Senator DeMint Remarks at Heritage Foundation President's Club Meeting
Mike, thank you for that kind introduction. The Heritage Foundation is one of our greatest resources as a conservative movement. The work that you and your colleagues do everyday is invaluable to those of us on Capitol Hill who understand that the federal government is not the source of our nation's greatness. It is the American people that make us great. And Heritage understands that. Thank you for that.
And thank all of you for being here today. I know full well that were it not for your support, Heritage would not have the resources to continue their mission.
I join all of you in that mission: to keep America the place "where freedom, opportunity and civil society flourish."
And thank you Jeb for being here today. I am thoroughly enjoying the opportunity to work with you in your capacity as leader of the Republican Study Committee. Like you, I have high hopes for the future as conservatives in both chambers work together to articulate a vision for America and her people.
Since the 2006 elections, Jeb and I have been meeting on a regular basis to explore ways for greater coordination. Using his perch at the RSC and mine at the Senate Steering Committee, in which we have access to the largest caucuses in our party, we have an opportunity to do something very special.
We have an opportunity to draw a very clear line in the sand. This is a fundamental battle between freedom and socialism. On one side is the conservative promise for America: more jobs, more prosperity, more security, more freedom, more opportunity and less government.
On the other side of that line is bigger government, less freedom, less security and more regulation. In short: a slippery slope toward socialism.
It is important to understand that this is not just talk. I truly believe that America right now is approaching a fork in the road. As a nation we are on the cusp of something big. Virtually every Democratic candidate for President is proposing sweeping changes in many policy areas that will take us closer to socialism and away from freedom.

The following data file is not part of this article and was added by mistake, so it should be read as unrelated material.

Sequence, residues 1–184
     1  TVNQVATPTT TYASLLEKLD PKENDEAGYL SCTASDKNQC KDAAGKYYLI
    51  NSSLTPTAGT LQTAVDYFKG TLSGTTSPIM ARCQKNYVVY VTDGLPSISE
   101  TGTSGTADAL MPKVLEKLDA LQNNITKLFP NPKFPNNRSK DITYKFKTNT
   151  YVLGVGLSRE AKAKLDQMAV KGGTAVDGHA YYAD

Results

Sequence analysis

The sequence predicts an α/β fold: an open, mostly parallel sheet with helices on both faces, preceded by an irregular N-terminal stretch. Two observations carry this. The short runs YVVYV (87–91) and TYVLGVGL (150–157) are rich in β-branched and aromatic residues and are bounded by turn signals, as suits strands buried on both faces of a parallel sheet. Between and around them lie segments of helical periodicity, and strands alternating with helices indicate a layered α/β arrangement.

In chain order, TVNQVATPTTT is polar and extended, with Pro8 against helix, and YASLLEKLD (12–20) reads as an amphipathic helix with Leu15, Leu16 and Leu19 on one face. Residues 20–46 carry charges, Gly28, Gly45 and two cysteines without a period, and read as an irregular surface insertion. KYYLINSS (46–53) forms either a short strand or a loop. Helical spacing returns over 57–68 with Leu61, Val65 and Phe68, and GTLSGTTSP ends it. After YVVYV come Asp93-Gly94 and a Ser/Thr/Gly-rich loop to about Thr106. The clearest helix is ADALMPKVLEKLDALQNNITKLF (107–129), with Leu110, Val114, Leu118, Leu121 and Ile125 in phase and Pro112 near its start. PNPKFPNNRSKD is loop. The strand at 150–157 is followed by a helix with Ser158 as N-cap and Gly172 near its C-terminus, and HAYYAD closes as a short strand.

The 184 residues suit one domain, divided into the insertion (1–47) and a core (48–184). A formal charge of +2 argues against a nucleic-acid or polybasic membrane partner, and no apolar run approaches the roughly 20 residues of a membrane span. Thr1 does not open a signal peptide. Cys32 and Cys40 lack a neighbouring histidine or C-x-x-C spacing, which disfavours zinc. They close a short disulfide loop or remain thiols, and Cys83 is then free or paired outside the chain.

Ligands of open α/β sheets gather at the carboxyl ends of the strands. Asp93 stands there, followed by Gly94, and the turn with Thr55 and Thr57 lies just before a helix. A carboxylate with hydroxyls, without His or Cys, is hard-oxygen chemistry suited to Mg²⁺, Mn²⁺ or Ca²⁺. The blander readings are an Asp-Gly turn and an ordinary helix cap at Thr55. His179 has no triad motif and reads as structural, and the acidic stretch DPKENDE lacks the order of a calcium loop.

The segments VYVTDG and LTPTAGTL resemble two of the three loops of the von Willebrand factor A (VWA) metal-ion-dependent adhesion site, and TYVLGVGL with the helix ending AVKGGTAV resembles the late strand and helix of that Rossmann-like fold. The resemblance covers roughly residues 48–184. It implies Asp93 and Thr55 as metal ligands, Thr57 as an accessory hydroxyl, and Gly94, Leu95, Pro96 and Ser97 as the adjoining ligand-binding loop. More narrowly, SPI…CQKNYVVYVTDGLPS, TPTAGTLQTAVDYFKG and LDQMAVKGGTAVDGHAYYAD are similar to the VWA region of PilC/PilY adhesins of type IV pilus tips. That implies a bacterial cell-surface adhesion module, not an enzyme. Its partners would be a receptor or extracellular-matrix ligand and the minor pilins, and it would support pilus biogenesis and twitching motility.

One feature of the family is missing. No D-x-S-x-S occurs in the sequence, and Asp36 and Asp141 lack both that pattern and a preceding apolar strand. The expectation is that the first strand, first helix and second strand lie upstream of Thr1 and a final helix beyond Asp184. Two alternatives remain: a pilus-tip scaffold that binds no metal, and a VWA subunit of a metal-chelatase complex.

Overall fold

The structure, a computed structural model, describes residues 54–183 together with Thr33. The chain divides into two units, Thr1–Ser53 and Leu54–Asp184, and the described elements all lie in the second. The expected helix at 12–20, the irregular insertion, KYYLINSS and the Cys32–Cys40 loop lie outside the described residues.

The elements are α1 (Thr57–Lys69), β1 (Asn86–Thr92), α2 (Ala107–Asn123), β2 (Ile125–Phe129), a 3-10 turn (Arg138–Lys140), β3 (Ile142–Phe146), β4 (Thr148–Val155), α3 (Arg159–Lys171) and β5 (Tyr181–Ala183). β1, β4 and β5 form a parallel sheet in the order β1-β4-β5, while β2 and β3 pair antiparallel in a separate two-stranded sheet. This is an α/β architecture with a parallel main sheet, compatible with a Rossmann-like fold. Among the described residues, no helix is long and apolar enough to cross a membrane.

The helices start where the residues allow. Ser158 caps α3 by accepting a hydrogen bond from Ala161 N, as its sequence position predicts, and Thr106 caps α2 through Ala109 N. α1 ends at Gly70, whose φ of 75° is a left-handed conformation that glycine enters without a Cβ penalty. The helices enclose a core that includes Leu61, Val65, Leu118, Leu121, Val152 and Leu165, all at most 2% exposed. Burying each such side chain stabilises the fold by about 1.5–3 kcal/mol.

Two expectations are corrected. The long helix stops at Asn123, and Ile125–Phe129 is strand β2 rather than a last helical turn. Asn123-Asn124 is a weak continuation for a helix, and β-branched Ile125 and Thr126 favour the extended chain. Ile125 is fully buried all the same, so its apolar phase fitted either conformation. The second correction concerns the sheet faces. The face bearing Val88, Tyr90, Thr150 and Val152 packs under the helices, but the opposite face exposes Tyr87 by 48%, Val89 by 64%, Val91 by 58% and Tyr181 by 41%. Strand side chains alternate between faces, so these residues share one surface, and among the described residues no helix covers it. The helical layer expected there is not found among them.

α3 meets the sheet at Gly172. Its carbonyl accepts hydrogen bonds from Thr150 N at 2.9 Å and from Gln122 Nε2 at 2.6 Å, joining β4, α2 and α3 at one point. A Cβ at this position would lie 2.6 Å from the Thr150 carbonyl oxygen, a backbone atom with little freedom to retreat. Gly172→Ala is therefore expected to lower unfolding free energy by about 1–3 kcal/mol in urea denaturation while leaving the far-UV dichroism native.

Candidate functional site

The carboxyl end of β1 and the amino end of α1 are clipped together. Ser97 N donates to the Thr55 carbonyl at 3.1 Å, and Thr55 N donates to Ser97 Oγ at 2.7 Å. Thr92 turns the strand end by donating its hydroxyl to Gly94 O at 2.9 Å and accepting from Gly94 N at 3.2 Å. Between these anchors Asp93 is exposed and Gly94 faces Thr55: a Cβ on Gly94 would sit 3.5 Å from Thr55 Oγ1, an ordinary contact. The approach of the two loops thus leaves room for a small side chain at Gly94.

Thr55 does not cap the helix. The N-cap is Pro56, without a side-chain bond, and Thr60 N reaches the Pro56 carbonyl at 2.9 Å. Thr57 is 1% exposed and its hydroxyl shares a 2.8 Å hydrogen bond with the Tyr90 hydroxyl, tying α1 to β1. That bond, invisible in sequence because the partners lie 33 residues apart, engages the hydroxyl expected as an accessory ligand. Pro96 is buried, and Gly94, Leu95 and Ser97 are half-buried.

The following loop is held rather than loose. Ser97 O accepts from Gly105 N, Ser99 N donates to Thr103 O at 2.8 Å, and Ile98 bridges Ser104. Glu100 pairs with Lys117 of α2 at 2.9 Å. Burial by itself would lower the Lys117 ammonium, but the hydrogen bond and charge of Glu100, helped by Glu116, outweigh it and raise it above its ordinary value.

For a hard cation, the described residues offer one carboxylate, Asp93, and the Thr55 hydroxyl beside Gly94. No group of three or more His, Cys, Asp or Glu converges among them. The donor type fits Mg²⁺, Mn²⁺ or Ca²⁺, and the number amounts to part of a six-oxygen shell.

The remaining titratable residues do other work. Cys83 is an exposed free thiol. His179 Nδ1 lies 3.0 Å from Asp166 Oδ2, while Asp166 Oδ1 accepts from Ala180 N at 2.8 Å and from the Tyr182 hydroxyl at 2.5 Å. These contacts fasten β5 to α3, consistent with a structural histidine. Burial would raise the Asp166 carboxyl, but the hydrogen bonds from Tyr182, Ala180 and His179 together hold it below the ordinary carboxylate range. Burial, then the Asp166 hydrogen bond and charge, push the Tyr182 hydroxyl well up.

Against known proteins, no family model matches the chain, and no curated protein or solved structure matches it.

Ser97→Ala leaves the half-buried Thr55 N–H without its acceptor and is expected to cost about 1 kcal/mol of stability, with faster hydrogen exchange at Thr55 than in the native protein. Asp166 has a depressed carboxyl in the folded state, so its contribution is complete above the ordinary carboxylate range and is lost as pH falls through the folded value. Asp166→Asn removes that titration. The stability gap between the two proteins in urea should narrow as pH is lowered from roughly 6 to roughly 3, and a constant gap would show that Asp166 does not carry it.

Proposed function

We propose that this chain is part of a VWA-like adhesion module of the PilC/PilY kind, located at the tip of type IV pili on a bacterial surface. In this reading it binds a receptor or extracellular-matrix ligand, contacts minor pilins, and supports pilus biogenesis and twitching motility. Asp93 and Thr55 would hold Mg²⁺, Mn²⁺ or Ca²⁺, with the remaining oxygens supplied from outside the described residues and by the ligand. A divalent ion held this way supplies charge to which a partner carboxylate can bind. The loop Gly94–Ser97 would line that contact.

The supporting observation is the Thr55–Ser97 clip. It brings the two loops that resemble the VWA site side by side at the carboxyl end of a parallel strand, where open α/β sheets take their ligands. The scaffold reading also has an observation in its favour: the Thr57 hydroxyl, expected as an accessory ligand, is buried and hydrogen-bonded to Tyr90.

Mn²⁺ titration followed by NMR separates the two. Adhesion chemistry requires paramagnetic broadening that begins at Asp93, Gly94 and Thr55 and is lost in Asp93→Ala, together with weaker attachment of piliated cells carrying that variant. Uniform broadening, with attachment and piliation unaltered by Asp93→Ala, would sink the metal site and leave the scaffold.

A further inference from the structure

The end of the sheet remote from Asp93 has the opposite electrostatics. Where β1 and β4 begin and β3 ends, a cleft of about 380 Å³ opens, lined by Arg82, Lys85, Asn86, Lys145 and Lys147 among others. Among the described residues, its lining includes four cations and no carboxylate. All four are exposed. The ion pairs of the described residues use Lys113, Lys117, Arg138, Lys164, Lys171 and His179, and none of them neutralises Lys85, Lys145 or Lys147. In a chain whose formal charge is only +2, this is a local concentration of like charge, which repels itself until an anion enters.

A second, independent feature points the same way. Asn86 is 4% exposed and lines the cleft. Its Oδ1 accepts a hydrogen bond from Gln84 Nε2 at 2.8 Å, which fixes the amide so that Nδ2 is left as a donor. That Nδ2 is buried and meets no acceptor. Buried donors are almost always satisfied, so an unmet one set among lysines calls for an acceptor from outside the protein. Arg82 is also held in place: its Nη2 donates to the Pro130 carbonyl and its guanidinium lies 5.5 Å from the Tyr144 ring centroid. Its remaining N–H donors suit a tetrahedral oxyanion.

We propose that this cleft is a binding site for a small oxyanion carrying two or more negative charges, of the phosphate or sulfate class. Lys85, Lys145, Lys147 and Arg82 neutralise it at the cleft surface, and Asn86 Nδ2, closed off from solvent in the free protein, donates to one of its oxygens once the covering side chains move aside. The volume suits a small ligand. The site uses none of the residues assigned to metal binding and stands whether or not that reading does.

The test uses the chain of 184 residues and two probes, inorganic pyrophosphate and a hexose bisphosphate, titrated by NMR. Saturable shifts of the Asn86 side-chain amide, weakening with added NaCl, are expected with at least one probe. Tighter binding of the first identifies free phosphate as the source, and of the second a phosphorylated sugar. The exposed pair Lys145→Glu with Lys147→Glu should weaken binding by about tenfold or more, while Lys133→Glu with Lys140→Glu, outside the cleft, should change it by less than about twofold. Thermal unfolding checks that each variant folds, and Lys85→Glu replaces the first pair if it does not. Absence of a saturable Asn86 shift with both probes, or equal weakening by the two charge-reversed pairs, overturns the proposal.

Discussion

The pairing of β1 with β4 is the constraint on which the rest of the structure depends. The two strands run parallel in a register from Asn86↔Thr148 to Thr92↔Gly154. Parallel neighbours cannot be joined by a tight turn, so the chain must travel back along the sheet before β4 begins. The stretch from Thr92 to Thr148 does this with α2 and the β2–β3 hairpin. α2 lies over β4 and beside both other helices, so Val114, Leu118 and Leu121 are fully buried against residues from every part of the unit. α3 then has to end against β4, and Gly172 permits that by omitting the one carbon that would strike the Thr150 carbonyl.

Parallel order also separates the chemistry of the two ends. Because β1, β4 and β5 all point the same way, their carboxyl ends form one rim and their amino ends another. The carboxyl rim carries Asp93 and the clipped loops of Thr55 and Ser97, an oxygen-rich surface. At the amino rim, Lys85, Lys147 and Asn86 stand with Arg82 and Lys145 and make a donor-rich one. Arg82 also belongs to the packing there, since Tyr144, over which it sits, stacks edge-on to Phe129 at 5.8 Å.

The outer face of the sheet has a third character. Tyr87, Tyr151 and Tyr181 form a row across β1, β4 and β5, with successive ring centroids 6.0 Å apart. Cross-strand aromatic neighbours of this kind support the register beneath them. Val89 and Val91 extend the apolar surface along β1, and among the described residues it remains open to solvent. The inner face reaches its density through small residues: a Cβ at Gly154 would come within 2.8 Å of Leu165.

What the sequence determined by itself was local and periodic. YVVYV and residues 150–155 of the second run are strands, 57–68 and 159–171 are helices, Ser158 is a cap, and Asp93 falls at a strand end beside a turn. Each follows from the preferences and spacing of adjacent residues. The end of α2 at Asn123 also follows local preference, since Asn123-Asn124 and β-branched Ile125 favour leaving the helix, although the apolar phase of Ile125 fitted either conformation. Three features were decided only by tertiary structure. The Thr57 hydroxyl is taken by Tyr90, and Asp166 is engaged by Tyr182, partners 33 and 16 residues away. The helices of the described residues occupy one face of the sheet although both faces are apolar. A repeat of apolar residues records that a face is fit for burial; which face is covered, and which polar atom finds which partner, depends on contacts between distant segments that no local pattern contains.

You would be hard pressed to find one Democrat in Congress or running for President these days who is not in favor of government-run universal health care. As a Party, they are agreed on the liberal philosophy of legislating liberal policies from the bench. Only one very brave Democrat in the Senate understands the stakes in Iraq, and he was purged from the party. For all intents and purposes the Democratic Party stands unanimously opposed to addressing the looming entitlement crisis. Democrats are unified in their opposition to tax cuts and they have never met a government program that they don't like.
The extreme liberal left has succeeded in hijacking a once-respectable political Party, and our nation stands to be worse for the wear.
More than any Presidential election in my lifetime, 2008 will determine the course we chart for decades to come. Will we abdicate our role as a global leader? Will we give in to the siren songs of socialism's central planners?
Or will we claim our rightful heritage as the Land of the Free and the Home of the Brave?
I sincerely hope it is the latter. But in the meantime, conservatives have work to do.
If conservatives are to defeat liberalism at the ballot box, we will have to again win the hearts and minds of the American people.
I understand that our brand is damaged right now. After more than a decade of Republican rule in Washington, the American voter has been left with the wrong impression of conservatives.